In an unusual display of technology industry in-fighting, Michael Dell was the recipient of what witnesses described alternately as either an “atomic wedgie” or the lesser “flying wedgie”. After delivering a speech at this year’s Internet World conference in New York, Dell entered the men’s room at Jacob Javits Center where an unknown assailant approached him from behind. Witnesses claim the attacker pulled the back of Dell’s underwear up to at least his shoulders and possibly over his head. The assailant then sped off, leaving Dell visibly angry and vowing revenge. Director of Javits Center Security, Gordon Smith, indicate that while there were multiple witnesses to the attack no one was willing to identify the assailant. Further, according to Smith, witnesses were unclear on the specific qualifications of both types of wedgie, making an accurate classification of the assault nearly impossible and hampering the investigation.
Outside the Jacob Javits men’s room, the debate was animated. Handspring’s Jeff Hawkins claimed “The flying wedgie just means you’re pulled off your feet. In the atomic wedgie, the band of your underwear gets pulled up over your head. It’s extremely difficult to administer.” Compaq’s Michael Capellas disagreed with Hawkin’s description. “Doesn’t the atomic wedgie mean they put toothpaste down your shorts? Or maybe it’s Ben Gay. I’m pretty sure it’s something like that, though.”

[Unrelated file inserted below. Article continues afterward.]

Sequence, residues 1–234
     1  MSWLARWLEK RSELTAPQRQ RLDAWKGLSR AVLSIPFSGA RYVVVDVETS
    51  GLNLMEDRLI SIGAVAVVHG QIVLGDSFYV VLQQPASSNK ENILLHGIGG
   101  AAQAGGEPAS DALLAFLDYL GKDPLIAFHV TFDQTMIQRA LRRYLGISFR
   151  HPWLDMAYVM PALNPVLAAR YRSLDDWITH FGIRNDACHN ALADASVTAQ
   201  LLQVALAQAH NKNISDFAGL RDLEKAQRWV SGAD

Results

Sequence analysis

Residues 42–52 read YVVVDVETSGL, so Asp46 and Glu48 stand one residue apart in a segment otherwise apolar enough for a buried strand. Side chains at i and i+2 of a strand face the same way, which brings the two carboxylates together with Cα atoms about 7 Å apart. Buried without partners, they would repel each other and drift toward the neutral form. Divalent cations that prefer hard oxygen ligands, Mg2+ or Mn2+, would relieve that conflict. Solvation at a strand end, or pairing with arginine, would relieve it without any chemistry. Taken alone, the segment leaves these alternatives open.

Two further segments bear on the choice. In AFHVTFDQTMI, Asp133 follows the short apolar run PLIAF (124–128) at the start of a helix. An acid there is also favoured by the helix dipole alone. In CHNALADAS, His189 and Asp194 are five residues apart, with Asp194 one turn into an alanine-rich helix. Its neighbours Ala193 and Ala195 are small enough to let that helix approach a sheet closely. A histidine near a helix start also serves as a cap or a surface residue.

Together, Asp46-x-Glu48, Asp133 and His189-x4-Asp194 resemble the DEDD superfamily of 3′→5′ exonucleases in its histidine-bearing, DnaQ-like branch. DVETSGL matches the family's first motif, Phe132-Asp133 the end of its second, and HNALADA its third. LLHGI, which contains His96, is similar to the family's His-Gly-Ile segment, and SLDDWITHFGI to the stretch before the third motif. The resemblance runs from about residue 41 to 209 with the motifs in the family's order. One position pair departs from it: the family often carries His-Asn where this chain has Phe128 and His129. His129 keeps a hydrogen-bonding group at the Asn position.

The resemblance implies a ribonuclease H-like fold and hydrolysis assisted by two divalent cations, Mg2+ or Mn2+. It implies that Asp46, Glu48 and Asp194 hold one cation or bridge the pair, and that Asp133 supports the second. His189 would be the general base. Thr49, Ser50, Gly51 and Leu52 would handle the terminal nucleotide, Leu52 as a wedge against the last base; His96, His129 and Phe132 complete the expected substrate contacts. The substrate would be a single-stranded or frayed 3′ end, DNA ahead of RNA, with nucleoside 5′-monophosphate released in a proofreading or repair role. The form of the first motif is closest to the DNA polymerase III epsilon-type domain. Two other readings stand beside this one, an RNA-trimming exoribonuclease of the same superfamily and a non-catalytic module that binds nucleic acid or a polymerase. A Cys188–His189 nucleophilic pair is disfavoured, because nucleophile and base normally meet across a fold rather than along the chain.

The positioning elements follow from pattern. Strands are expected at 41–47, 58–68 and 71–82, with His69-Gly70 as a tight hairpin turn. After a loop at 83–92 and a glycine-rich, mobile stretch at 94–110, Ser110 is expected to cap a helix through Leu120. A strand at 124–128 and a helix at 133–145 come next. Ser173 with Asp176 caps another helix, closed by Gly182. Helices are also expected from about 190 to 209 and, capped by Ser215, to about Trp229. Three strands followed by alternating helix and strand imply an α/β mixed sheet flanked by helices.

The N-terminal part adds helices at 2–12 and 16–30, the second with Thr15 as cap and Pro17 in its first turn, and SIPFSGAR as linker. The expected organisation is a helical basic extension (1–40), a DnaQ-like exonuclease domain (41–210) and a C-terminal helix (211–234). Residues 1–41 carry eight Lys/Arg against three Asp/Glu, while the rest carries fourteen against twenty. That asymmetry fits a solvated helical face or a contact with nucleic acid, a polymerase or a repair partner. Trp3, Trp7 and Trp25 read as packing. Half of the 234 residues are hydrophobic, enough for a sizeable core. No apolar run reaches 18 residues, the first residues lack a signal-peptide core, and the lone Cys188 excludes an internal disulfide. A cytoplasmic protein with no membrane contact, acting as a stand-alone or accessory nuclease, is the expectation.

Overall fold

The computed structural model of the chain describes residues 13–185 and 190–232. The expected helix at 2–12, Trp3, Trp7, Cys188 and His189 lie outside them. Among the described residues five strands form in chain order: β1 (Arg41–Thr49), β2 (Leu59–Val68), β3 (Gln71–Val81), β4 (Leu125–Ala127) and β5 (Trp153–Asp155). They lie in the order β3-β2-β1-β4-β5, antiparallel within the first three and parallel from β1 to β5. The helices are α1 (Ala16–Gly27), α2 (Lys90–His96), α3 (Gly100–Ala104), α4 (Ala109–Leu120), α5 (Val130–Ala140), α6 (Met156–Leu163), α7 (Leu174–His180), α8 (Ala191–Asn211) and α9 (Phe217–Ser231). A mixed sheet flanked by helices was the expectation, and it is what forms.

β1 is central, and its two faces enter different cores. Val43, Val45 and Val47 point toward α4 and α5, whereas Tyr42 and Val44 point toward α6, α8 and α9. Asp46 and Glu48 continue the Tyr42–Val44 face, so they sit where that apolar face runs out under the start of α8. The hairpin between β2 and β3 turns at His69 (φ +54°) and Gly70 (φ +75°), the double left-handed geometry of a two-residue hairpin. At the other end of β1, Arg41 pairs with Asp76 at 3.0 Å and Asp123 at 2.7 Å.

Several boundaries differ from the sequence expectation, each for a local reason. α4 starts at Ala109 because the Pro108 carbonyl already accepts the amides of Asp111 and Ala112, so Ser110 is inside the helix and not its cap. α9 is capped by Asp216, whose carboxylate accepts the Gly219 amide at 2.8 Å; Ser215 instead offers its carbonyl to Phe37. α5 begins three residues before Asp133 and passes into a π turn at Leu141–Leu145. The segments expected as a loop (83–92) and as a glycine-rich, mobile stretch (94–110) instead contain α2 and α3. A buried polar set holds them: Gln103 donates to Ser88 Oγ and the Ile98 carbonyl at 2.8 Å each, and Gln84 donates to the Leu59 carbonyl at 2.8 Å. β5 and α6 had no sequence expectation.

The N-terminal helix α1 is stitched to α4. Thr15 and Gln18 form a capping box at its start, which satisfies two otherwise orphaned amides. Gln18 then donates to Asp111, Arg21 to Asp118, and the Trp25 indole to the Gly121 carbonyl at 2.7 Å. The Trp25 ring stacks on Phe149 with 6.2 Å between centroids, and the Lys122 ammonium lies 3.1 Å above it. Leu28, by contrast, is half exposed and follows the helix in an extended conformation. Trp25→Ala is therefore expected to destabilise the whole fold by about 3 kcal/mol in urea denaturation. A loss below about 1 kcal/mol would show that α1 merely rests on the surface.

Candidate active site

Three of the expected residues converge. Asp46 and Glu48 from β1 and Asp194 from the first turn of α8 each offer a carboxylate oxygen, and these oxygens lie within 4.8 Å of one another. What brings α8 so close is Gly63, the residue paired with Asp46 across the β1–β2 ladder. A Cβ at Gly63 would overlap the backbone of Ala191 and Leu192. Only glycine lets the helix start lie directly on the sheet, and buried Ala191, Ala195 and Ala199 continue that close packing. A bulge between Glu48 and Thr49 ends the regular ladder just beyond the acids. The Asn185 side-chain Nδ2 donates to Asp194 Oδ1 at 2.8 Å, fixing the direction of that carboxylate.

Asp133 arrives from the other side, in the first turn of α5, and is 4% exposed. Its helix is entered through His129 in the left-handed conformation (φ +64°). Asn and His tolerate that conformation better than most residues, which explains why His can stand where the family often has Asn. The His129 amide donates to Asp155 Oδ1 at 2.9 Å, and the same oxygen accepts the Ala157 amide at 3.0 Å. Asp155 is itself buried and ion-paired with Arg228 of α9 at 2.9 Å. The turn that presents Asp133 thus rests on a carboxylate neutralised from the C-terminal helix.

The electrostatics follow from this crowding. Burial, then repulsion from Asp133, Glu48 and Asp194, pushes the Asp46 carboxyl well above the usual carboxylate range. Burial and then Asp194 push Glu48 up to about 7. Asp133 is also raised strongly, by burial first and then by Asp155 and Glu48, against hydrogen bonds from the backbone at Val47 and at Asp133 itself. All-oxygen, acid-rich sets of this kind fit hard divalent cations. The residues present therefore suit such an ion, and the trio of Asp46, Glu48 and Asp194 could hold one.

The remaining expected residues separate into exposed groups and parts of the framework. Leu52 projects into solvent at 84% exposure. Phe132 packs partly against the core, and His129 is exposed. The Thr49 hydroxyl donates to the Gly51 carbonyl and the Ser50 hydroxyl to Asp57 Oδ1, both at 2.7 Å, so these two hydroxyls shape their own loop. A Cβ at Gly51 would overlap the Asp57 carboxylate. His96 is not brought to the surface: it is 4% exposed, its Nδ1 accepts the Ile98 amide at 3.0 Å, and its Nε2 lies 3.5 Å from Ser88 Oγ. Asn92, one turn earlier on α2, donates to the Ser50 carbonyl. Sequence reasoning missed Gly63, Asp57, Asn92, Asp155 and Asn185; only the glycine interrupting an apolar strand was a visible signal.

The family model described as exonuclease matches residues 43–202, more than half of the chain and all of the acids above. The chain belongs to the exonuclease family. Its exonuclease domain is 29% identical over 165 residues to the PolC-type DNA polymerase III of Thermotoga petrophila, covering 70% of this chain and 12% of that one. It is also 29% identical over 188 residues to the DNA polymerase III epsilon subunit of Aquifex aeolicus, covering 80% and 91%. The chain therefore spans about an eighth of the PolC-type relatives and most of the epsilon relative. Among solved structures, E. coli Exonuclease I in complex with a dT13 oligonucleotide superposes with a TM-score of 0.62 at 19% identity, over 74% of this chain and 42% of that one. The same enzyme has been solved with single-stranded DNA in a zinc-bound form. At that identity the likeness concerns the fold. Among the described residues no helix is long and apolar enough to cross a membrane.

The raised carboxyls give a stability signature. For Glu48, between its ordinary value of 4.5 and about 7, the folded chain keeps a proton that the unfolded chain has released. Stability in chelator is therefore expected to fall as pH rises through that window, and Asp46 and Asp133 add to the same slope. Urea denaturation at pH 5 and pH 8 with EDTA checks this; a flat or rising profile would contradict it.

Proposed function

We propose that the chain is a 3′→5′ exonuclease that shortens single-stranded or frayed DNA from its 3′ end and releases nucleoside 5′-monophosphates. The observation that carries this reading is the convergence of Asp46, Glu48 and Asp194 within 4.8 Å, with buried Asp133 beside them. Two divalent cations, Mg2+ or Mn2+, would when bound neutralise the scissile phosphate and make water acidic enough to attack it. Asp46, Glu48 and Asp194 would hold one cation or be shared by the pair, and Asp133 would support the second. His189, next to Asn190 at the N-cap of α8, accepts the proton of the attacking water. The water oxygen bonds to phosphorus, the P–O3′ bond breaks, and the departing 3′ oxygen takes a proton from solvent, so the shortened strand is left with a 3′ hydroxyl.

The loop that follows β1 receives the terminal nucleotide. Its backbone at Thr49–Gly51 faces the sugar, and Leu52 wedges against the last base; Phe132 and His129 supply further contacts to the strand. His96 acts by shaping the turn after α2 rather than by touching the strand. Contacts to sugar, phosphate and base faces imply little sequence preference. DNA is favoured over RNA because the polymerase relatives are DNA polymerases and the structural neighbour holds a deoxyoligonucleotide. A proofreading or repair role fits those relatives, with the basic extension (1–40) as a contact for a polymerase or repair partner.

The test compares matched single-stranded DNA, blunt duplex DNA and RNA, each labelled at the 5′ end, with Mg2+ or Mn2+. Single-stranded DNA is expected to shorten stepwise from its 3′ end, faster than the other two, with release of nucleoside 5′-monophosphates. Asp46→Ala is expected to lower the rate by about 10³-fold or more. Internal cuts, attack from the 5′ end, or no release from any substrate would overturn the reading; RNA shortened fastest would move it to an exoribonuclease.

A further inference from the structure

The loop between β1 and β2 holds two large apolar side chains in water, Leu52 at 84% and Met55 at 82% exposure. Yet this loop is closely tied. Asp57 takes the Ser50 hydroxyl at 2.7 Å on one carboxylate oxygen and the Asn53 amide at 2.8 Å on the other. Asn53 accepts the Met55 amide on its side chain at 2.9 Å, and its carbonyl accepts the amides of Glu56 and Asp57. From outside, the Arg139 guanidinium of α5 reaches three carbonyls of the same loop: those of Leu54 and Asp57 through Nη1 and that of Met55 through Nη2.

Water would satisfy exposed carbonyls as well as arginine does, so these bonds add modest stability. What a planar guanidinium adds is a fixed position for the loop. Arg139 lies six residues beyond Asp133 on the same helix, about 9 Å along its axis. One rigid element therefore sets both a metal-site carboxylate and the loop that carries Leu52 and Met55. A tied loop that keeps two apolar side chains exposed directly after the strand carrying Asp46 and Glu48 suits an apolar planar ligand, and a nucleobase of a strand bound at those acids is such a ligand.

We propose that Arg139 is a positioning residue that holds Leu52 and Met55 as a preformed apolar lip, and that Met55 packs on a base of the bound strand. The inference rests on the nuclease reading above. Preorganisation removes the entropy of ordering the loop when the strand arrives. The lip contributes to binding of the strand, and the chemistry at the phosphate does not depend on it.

Several bystanders pointed to Dell’s speech as a possible catalyst for the attack. Red Hat’s Michael Tiemann went so far as to say Dell “kind of had it coming.” Dell’s speech, in which he took credit for being first to introduce wireless networking in laptops, an easy-open PC case and desktop video editing was criticized by some conference attendees. Technology analyst Tim Bajarin asked “Does Dell think we’re stupid? Everyone knows Apple was the first to mass market those features. I don’t get why he does that. Is he mental or something?”
Apple Computer CEO Steve Jobs is considered a prime suspect in the hit-and-run wedgie-ing. Jobs and Apple vice presidents Phil Schiller and Avie Tevanian were seen running away from the Jacob Javits men’s room shortly after the attack. Asked to comment on the incident Jobs would only say “Dell’s a total wuss. I heard he was crying like a little girl.”
Dell declared “Jobs is totally dead when we break for lunch. I totally know he did it.” In his defense, Jobs replied “Did not.” To which Dell retorted “Did too.” Smith vowed to hold the entire technology industry after the conference, if necessary, in order to find out who was responsible.